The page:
fountain, suggested that he wanted twenty
electric light posts erected, with an incan
descent light at the top of each, to illu
minate the park about the building.
Fremont Library Reeegalisd,
Senator. Burkett announced today that he
ha been advised the Fremont public llbary
has been designated as a government de
pository to receive all government publica
tions which may in future be Issued by th
government printing office.
Brown Gets a Room.
The sergeant-at-arma of the senate today,
upon application of Senator Burkett, as
signed to Senator Norria Brown the room
in the terrace formerly occupied by Senator
Hopkins of Illinois. Senator Brown' room
will be in charge of E. H. DJureen of
Omaha, who ha been one of Senator Mil
lard' stenographers and who now enter
th employ of Senator Brown. . '
Bryan to Talk on Lincoln. -
William Jennings Bryan ha notified the
Veteran legion of thl city of hi ac
ceptance of an invitation to address them
April 14,' the forty-fourth anniversary of
the assassination of Abraham Lincoln. Mr.
Bryan will confine 'himself ntlrely, so it
1 said, to an address to the old soldier
purely upon the life and character of Abra
Hnynes la Hew York oa Visit.
J. B. Haynes of Omaha, who has been
Benator Millard's confidential ' secretary,
left Washington thl morning for New
York to spend several week with hi
brother prior to returning to Nebroska.
George Butlln, also of Omaha who came
to Washington with Senator Thurston and
has been associated wl(h Senator Millard
as clerk and stenographer, left Washington
tonight for Omaha
W. C. Cook of Planklnton, chairman of
the republican at ate committee of South
Dakota, I In Washington. B. A. Sullivan,
also of Planklnton, is In Washington.
Representatives Hall and Parker of South
Dakota, successors to Martin and Burke,
who have been In Washington about a
week getting acquainted with their future
colleague of the Sixteenth congress, leave
for their homes tomorrow.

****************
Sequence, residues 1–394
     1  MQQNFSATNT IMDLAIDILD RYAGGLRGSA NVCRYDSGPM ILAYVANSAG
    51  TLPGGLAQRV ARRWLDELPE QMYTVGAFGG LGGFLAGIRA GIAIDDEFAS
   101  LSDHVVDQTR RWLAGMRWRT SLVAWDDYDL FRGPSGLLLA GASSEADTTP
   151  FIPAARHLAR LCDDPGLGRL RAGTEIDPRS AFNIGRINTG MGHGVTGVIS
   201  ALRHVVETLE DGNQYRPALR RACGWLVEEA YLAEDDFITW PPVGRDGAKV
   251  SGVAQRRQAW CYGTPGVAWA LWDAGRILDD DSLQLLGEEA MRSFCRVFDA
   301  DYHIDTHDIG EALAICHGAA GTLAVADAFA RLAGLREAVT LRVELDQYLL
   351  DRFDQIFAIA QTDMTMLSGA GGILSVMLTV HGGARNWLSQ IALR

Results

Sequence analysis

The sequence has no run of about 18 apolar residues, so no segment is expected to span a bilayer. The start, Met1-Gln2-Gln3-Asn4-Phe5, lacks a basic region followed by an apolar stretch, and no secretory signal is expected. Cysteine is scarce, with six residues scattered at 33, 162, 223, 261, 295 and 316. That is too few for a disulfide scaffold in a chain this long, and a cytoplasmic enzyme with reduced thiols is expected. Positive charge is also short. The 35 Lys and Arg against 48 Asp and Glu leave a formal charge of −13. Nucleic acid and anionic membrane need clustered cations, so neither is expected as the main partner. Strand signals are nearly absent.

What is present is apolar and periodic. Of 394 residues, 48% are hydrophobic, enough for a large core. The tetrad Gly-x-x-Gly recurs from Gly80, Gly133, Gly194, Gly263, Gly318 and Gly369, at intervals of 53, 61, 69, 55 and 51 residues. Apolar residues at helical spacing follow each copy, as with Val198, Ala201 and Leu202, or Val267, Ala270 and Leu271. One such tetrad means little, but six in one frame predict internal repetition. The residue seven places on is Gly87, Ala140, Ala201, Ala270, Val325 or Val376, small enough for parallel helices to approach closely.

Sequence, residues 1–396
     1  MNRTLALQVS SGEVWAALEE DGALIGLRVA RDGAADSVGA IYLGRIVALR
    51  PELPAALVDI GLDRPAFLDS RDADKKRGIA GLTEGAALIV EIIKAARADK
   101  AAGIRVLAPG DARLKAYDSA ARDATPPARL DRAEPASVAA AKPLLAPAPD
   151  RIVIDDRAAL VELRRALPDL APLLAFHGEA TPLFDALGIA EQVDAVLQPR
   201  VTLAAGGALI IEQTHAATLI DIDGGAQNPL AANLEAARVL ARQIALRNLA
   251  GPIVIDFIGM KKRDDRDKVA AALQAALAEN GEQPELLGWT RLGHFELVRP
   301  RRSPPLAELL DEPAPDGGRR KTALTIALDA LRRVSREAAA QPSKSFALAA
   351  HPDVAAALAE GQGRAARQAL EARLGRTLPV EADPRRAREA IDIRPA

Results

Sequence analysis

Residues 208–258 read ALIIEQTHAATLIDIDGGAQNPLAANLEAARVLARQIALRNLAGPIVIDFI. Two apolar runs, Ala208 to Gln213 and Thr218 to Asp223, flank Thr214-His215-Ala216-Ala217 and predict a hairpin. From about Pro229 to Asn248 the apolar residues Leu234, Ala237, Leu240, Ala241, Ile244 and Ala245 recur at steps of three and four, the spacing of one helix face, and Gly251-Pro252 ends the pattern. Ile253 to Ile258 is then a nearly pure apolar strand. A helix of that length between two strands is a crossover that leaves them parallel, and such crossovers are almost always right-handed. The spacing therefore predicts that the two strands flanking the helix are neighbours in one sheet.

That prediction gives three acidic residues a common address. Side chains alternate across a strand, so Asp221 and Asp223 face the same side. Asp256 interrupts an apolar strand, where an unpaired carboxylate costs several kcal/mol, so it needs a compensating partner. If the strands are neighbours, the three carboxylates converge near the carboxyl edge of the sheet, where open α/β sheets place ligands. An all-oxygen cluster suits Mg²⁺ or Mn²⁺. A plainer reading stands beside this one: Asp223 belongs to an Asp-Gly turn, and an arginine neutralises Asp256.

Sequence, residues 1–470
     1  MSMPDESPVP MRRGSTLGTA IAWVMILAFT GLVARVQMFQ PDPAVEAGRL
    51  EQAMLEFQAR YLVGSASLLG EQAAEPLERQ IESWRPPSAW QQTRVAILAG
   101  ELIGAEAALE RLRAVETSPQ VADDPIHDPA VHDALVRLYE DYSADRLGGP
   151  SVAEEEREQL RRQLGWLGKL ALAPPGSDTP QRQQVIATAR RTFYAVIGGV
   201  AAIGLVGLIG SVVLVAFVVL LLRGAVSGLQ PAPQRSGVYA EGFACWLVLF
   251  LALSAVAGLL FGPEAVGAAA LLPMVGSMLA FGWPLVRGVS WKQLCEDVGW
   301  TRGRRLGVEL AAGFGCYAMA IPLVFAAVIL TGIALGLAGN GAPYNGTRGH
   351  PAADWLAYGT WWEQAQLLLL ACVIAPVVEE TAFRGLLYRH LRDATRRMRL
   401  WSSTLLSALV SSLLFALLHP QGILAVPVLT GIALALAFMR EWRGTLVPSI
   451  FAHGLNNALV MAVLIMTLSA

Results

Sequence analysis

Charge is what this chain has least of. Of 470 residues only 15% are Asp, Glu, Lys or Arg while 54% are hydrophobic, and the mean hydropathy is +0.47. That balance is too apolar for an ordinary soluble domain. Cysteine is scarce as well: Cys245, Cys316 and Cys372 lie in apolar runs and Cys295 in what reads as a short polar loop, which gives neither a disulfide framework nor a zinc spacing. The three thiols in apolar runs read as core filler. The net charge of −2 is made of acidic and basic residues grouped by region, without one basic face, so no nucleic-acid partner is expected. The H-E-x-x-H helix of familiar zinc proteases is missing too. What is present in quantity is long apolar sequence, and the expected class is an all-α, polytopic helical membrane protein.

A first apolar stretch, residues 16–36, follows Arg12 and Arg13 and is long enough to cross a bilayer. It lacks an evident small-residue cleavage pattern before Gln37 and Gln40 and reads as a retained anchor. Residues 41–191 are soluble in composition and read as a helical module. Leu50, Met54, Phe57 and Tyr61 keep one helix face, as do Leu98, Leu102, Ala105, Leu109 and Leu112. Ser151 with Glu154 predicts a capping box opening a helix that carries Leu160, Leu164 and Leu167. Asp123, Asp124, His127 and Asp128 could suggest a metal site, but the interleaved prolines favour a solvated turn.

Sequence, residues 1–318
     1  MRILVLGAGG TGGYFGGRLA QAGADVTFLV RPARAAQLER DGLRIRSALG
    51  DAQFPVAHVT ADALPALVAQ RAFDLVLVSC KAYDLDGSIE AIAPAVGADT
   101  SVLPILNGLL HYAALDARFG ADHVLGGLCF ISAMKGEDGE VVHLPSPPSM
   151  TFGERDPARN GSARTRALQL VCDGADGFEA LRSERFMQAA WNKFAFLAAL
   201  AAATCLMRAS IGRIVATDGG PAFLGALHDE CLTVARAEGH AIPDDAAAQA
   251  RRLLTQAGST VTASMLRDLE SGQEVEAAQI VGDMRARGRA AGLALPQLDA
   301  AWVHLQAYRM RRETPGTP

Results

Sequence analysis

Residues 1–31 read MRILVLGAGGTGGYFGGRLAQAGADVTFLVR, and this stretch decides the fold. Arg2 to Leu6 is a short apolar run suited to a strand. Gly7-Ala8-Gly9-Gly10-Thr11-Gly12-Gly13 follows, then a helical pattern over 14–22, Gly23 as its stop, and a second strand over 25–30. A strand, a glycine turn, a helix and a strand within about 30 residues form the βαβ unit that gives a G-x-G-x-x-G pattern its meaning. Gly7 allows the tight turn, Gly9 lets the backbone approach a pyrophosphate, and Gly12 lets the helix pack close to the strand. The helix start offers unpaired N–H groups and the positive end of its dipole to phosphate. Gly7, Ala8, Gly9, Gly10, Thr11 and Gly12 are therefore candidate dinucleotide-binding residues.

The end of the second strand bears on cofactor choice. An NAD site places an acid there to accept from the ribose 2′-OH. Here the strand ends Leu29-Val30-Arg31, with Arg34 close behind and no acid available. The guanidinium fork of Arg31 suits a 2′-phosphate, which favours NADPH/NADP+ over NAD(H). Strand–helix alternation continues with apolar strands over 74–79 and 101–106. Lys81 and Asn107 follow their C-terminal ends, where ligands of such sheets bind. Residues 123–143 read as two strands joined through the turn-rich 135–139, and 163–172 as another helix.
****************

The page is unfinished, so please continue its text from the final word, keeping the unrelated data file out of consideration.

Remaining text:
P. M. Fulton of Burke, B. D., is in Wash
ington, en route to New York.
Congressman Walter I. Smith of Council
Bluffs leave for bom tomorrow.
Postmaster appointed: Nebraska, Sex
terp, Cheyenn county, Florence Nelson,
vice A. Anderson, resigned. Iowa. New
Liberty, Scott county, Iaaao W. Warner,
vlce C. F. Scheppele, resigned. South Da-
KOlftf Bath, Brown county, Duncan O.
Stewart, vie F. M. Organ, resigned.
Hew Bank for Taermopolts.
The application of G. E. Abbott, L. A.
Cosgriff, B- C. Parks. C W. Cook and J. E.
Hlggln to organise th Thermopolla Na
tional bank of Thermopolla Wyo., with
325,0uu capital wa approved by th comp
troller of th currency.
Pop Did Hat Interfere.
PARIS, March I. The Madrid corre
spondent of the Eclair, in a dispatch pub
lished tody quotes Garcia Alix, who waa
minister oy finance in the Villa verd cab
inet, a drying that the Vatican authori
ties made efforts to prevent King Alfonso
from vlaltlng France, a semi-official y
laud la Pnrla March t.
CLAIMS COMMITTEE IS BUSY
sirs. L W. Fomerlae Wants tha State
to Pay Her Attorney for
(From a 8taff Oorreapondent.)
LINCOLN. Neb.. March 8. (Special Tele
gramsThe hands of time were turned
back a year tonight when Mrs. L. W.
Pomerlne Appeared before the claims com
mittee of the house to ask tor favorable
consideration of her claim for 3900 to pay
her attorney for defending her in a libel
suit broiiRht by Superintendent Helner and
Mrs. Helner of Tabltha Home. The suit
was the result of an Investigation of the
home of a self appointed committee of iood
Lincoln women and preachers, and peoplo
who went to tho home and then. It la al
leged by tho Helners, began and kept up
a continual knock on the Institution, mak
ing it very difficult for him to secure finan
cial assistance for the malntalnance of the
Institution. In fact, Mrs. Pomerlne and
her committee worked themselves Into a
high state of indignation over the alleged
conditions of the homo and according to
the Heiners, went so far as to overstep
the libel lava. Mrs.' Pomerlne claims she
was a member of the State Board of Char
ities and Correction and Investigated aa a
member of such legal board. Among her
co-defendants are the State Journal com
pany. Miss Cora Oarber, and numerous
others. The home, however, survived the
attack and it is reported on pretty good
authority that Governor Mickey called Mrs.
Pomenne and John Davis down for the
Interest they displayed In that investigation
and talked of expelling them from the
board. The committee likely will rejoct
the claim, notwithstanding Mrs. "Pomerlne
made a most touching speech for over an
The committee refused again to grant
Lee Herdman the $fl.0no claimed by him as
money paid to help in the office of the
clerk of the supreme court, though Mr.
Herdman again appeared before the com
mittee. Under oath the former clerk said
during the two years In question he had re
ceived in fees between 33,500 and $4,000.
A. O. Smith was here after $700 alleged
to be due for auditing the books in the of
fice of the adjutant general. Smith claim
he brought about the restitution by Colby
of $2,000 and though his claim ha been re
jected numerous time, any he will come
again If it I knocked out thl lime.
BOOK COMPANYMAKES ESCAPE
State Uniformity of Text Book De
feated In Sooth Dakota
PIERRE. 8. D.,' March (Special Tele